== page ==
Tuesday, July 2, 2013

Colonoscopy: The Sequel

You want to know how long this blog has been around?  

Almost as long as one of these contraptions that get shoved up your ass.

In the early days of Len Speaks, I did a piece on my very first colonoscopy.  Well, here we are, six years later and I'm a bit...ahem...behind.  My first exam revealed a polyp and my doctor wanted me back in three years.

Well, that didn't happen as scheduled.  Back at the three year mark, I had heard that my doctor was sidelined due to a hand injury.  Apparently, something had happened in a fight with a dog.  

I didn't ask for details.  Nevertheless, if my doctor was less "handy" at the time, the last thing I wanted was him trying to insert a Kodak Instamatic up my...well....up me.

But everything healed on his end.  So to speak.  And I couldn't wait any longer.  Polyps take five years to grow back.  Mine have probably already returned and was snacking on some cancerous nitrates that I had gleefully ingested with my last grilled Taylor Ham sandwich.  I needed to go.

There was a lot of symmetry this time around.  I like consistency.  I went to the exact same place for the procedure.  And, in a fashion, so did my doctor..  Everything was the same.

Except for the night-before prep, which is what scares most people from ever having a colonoscopy in the first place.  My doctor told me to get a two quart bottle of apple juice.  I mixed that in a pitcher with a bottle of Miralax.  I drank half the pitcher around 6PM.  Yes, by 7PM, I was.  Meanwhile, the concoction was pretty tasty.  I won't be ordering it at cocktail parties but, for the purposes intended, it could have all been a lot worse.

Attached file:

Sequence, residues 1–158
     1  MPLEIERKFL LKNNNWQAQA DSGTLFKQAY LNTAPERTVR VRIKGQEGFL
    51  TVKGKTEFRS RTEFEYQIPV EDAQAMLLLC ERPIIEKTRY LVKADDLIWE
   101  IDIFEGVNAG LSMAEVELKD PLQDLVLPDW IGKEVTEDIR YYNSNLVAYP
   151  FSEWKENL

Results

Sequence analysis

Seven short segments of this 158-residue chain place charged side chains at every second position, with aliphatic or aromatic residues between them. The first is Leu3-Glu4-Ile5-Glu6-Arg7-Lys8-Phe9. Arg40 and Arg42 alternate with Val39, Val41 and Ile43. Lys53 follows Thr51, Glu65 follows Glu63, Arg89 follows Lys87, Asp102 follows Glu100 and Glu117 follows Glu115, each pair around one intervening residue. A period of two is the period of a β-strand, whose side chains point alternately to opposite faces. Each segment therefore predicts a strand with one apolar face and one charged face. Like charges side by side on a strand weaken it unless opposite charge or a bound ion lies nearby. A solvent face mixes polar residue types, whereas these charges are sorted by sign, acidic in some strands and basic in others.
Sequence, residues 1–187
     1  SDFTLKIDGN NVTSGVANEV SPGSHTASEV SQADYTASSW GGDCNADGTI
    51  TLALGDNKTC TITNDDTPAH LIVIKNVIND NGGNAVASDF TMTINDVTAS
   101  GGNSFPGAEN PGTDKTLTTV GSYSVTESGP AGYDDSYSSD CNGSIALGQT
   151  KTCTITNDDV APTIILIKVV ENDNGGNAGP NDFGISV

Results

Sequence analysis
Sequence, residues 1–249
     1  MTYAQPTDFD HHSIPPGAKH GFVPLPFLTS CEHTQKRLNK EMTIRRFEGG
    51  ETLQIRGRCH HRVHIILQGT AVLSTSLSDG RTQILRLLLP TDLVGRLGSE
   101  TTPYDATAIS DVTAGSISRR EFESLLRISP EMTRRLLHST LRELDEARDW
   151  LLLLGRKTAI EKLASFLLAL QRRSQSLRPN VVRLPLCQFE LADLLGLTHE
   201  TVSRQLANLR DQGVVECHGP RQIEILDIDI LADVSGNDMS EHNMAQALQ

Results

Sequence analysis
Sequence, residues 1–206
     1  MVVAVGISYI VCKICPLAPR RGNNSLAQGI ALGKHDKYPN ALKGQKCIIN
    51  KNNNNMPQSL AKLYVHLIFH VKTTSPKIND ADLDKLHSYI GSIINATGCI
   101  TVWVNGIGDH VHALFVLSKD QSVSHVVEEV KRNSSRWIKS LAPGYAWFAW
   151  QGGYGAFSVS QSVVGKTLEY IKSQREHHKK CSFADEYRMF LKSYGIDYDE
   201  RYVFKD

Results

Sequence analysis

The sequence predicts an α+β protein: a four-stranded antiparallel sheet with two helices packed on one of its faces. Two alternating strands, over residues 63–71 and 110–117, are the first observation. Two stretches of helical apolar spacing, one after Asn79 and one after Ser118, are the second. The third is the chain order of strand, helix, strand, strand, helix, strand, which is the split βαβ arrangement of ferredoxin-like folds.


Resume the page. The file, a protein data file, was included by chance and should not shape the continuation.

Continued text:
The next morning, I drank the other half of the pitcher.  But, by this point, my insides were dryer than the Gobi Desert.  I was as clean as a whistle and it would be a shame to eventually put food down and dirty it up again.  Like when you have your carpets cleaned and you then try to avoid walking on them.

Meanwhile, the hardest part of any colonoscopy is the waiting once you get called in from the reception area.  Donning the gown that opens in the back.  Wondering if the personal training has paid off in that area of the body.  Getting the IV put into your arm.  And then stretching out on a gurney to await your close-up with Mr. DeMille.

And await and await and await.

I amuse myself by listening to all the conversations going on behind other curtains where patients are in varying depots along the Colonoscopy Express.  I hear them wheel an old lady next to me.  She's done and just coming out of the anesthesia.  

Lady:  "Nurse, I have a question."

Nurse:  "What can I do for you, dear?"

Lady:  (SHEEPISHLY)  "I have a little gas."

Nurse:  "That's very common."

Lady:  "But what should I do?"

Nurse:  "Let it pass."

Lady:  "But how do I do that?"

Nurse:  (A BIT ANNOYED)  "You fart!!!"

Lady:  "But I don't know how."


Somehow, I'm sure this lady knows how to fart.  Especially if you're sitting next to her on the bus.

I'm ultimately saved from this non-Neil-Simon-like banter when my anesthesiologist Lisa arrives to take me for a ride.  She's cute and I'm sorry that I am meeting her for the first time without any pants on.  That view should be reserved for our second date.  Nevertheless, pending dinner plans not withstanding, I am shuttled into my private soundstage.  My doctor is on his laptop.  I asked if he was Googling "colonoscopy."